How Occupational Therapists (OTs) make a FINE difference!

March 21, 2018

If you ever have a chance to observe an Occupational Therapy session, take it! It is fascinating, especially when it is at Crossroads Center for Children.

Occupational Therapists https://en.wikipedia.org/wiki/Occupational_therapy work on a wealth of skills to help a person achieve greater independence in life. Many of the skills and goals for OT involve fine motor work. Here is a peek in with a little boy who is making great gains with his OT, Ms. Kaley.

First off the bat, Kaley makes certain that her student is motivated. She asks him what he’d like to work for, and using his PECS (Picture Exchange Communication System) he quickly responds that he’d like to earn some time with her cool Lego game on her department iPad once he’s completed the tasks she requests of him.

She circles back to this interaction throughout the session, offering her student the chance to select a different reinforce and keep him super excited about his work.

 

If you happen to know Kaley, you already know how positive and encouraging she is with children. So as her student works on the tasks she presents, she reinforces his effort with lots of enthusiasm and praise specific to what he’s done.

 One goal for this little guy is learning to cut with scissors. Kaley is teaching the student to hold the scissors correctly, a skill that is not always an easy one to learn.

Once scissors are well in hand, he snips the paper as she holds it, a step that must be learned prior to cutting on a line or cutting a shape later on.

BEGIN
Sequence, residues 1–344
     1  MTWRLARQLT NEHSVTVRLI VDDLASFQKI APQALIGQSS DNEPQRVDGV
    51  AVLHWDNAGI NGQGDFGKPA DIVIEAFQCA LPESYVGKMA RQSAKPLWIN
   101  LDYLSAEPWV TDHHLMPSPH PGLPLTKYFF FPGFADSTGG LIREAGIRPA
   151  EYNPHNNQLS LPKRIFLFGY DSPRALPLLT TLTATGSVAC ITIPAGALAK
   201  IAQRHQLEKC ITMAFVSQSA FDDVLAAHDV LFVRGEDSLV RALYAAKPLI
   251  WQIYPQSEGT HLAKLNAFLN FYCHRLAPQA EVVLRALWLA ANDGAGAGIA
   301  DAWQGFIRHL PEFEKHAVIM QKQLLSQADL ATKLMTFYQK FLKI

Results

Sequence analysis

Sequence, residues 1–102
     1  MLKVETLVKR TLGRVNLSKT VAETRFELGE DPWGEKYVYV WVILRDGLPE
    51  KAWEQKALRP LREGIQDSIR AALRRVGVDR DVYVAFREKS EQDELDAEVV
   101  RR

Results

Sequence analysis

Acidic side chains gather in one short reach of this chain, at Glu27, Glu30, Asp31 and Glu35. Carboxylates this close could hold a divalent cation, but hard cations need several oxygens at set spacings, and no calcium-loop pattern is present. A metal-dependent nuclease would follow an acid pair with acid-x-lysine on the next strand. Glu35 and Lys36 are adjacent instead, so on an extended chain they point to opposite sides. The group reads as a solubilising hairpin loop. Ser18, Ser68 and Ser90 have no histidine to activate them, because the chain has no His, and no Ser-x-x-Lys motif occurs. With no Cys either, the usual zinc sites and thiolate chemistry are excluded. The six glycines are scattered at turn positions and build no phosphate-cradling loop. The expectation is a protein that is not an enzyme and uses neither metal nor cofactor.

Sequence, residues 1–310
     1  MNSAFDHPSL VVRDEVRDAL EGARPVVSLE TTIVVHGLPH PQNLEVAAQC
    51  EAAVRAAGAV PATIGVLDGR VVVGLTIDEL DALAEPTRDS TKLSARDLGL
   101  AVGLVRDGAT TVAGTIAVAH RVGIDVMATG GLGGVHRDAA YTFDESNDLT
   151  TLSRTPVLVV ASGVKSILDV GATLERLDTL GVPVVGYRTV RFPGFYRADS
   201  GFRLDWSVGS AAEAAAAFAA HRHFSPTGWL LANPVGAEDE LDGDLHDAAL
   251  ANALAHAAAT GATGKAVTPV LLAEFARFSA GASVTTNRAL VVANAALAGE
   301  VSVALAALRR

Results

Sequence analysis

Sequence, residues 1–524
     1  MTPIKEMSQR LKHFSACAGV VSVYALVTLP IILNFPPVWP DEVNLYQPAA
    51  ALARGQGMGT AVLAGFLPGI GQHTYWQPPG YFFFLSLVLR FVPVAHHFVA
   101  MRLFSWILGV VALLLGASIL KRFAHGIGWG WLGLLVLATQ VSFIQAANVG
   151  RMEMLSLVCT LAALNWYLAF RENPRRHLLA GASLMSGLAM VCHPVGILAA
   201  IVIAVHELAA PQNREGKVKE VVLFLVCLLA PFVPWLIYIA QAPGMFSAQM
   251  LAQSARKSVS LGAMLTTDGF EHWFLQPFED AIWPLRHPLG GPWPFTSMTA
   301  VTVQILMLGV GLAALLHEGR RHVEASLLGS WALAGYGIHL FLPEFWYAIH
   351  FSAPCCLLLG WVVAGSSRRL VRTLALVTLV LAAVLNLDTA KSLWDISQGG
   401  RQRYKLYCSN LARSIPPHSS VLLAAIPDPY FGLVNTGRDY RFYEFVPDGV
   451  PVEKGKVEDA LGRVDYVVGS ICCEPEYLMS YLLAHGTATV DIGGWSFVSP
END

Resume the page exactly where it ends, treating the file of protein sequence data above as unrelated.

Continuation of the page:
Another skill addressed in the session was coloring! With proper grasp the crayon or pencil, and then moving the utensil back and forth. has been giving her students projects with a Spring theme, so following his choice to work for the Lego iPad game once again, she gives him a fun Spring coloring sheet she’s prepared ahead of time and starts with the task of moving the crayon back and forth on the paper.

The iPad game is really exciting and reinforces accuracy in itself. But Kaley points out the benefits of the game for fine motor control in moving the objects on the screen to build a pile, as well as addressing other life skills like laundry and face-washing.

So, if you ever get to sit in on an Occupational Therapy session, take it. But if you never get the chance, maybe you’ve learned a little bit now about what one session is like. Crossroads parents are able to schedule “parent trainings” in the classroom and in the therapy settings which helps children with carrying over skills between school and home.

We’re proud of the progress students make at Crossroads Center for Children, and of the work being done every day by Ms. Kaley and the OT department! Learn more about the services at Crossroads: http://crossroadcenter.org/our-services/.

Stewart’s Holiday Match program grant couldn’t be more appreciated!Enrolling now for the Spring Session!